Evil Dead (2013)

It was with much trepidation that I entered this retread of The Evil Dead, a film so close to my heart that I have the protagonist’s face and chainsaw permanently etched into my left arm. The Evil Dead was one of the properties primed for remaking as soon as the trend took hold. Fans eased up on the hate pedal when the creative forces behind the original – director Sam Raimi, producer Robert Tapert, and star Bruce Campbell - announced their interest and involvement. For years nothing came of it until, much like the deadites themselves, it resurfaced and, boy, had it gotten ugly. The first few images released piqued the interest of the entire horror community, followed by trailers that showed us all that this isn’t your grandpappy’s Evil Dead. Most of us were reeling, could this actually be a worthy remake of such a beloved genre classic?

The answer, it seems, is yes.

Careening between classic Raimi-esque splatter, Japanese ghost story and modern possession horror visuals, Evil Dead does almost exactly what you would expect it to do. It effectively retells the story of the five doomed friends on a trip to a cabin in a fresh and modern way. Writers Alvarez and Rodo Sayagues inject some new emotion and urgency – as well as an interesting way of keeping them in the cabin long after I would have legged it – through the addition of one of the characters trying to kick a drug habit. All the while, it shares some of the sensibilities of its source, mixing gleeful splatter and hints of camp with a sort of sprawling tone strokes you one minute, only to slap you the next that made the original flick so ubiquitous.

First-timer Fede Alvarez has crafted a tight, dark picture that powers through its 90 minute running time at a breakneck pace. Shot in the washed-out horror palette of pale blues and grays that we’ve come to expect (and lament) of the genre, Alvarez rides a line between modern film-making standards and the rough-around-the-edges proto-modern techniques that Sam Raimi himself developed during production of the original Evil Dead. One character in particular feels like they have been transported wholesale from the 1981 film as he seems to be shot almost entirely using Raimi‘s angular approach. This works especially well for those familiar with the source, because it allows the filmmakers to mess with us. They have the ability to use what we think we know as a chopping block for shock when things deviate from our comfort zone.

It’s not all roses though, as big chunks of the performances are pitched at a weird level. This exacerbates some of the many clunky dialogue sections into sounding like throbbing tubes of awkward. It almost felt like late 80′s horror performances, aiming for sincere but just pushing through into a land beyond realism. To be fair, at some points it felt intentional so maybe it was the result of a conversation between actors and director in which they decided to throw some ‘classic’ acting styles into the mix.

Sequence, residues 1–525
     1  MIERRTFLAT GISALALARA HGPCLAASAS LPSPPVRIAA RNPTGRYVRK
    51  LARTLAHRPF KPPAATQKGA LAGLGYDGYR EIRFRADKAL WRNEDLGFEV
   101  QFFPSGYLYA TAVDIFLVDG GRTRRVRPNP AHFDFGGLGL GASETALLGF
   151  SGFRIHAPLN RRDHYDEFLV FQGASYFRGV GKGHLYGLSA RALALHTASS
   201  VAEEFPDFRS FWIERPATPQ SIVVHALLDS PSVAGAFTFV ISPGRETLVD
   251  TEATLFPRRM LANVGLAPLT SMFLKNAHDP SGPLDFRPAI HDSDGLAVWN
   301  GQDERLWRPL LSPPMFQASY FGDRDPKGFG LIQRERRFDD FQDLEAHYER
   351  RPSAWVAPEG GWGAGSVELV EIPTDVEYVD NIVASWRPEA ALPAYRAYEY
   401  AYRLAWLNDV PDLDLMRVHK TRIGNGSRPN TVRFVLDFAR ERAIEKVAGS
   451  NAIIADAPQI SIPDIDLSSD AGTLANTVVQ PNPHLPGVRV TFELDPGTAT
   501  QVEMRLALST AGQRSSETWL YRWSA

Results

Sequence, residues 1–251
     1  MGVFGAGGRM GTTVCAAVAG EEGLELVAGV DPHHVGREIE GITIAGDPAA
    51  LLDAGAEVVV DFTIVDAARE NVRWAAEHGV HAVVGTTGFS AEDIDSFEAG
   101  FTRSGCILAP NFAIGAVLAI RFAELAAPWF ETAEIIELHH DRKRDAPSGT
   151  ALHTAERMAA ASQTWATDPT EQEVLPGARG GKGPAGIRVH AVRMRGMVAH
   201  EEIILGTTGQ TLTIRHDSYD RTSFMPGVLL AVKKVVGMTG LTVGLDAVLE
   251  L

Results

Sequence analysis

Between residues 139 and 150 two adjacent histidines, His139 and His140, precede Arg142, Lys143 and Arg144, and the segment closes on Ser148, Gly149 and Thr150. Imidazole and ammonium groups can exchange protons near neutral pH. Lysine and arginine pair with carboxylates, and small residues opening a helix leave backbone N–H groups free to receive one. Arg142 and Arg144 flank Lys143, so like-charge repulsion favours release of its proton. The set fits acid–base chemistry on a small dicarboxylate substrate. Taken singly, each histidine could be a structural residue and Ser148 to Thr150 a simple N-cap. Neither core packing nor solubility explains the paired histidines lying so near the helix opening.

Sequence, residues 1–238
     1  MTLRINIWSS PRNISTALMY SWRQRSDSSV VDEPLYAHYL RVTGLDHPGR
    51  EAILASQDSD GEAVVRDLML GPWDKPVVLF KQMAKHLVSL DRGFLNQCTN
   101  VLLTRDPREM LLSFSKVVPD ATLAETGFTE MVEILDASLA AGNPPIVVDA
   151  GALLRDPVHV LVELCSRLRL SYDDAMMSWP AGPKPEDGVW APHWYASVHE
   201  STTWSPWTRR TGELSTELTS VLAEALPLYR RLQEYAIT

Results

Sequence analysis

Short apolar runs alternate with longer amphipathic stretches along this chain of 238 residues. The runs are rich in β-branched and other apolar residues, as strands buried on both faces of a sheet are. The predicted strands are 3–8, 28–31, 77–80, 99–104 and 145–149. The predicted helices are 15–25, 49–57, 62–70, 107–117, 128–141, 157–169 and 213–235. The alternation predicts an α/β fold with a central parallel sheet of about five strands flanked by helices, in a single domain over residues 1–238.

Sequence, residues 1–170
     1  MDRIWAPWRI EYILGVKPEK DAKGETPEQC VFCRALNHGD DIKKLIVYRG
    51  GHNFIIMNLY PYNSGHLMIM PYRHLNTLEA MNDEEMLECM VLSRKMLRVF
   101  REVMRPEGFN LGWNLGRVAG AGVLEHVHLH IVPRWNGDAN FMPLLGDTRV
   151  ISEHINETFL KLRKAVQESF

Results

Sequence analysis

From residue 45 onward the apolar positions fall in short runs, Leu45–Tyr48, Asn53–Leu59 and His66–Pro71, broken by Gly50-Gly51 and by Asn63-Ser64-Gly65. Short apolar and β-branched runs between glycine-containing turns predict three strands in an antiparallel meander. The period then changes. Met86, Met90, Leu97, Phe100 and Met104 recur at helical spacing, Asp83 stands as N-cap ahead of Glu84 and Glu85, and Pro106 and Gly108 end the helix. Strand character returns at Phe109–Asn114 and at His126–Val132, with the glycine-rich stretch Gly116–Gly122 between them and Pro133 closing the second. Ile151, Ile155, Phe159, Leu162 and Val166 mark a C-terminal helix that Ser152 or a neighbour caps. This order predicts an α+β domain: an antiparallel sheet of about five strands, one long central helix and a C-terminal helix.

Evil Dead plays with the classic themes in a fun way, but doesn’t require you to be a fan in order to enjoy it. Fans of the originals should find fun in seeing how familiar moments are slotted in with new contexts and fresh outcomes. Sure, there are moments of unnecessary fan service – the post-credit stinger is pointless. It feels like a last ditch attempt to win over those who consider The Evil Dead to be one of their sacred cows – but mostly, the nods are respectful and intentionally smirk-inducing.

In a sea of lukewarm remakes that dilute the effectiveness of their respective originals just to satisfy money hungry execs grubbing around in the PG-13 sandpit in the hopes of a few extra dollars, this movie is a breath of fresh air. It’s a strong 18 certificate complete with practical effects, for the most part. It’s everything that horror fans say that they want, until they get it. The gore is always redder on the other side, I guess.

Evil Dead won’t please everyone; it lacks the kitschy home-assembled charm of the original but if you check your baggage at the box office, you might just be surprised by what you find in those woods.

Rating: ★★★★★★★★½☆

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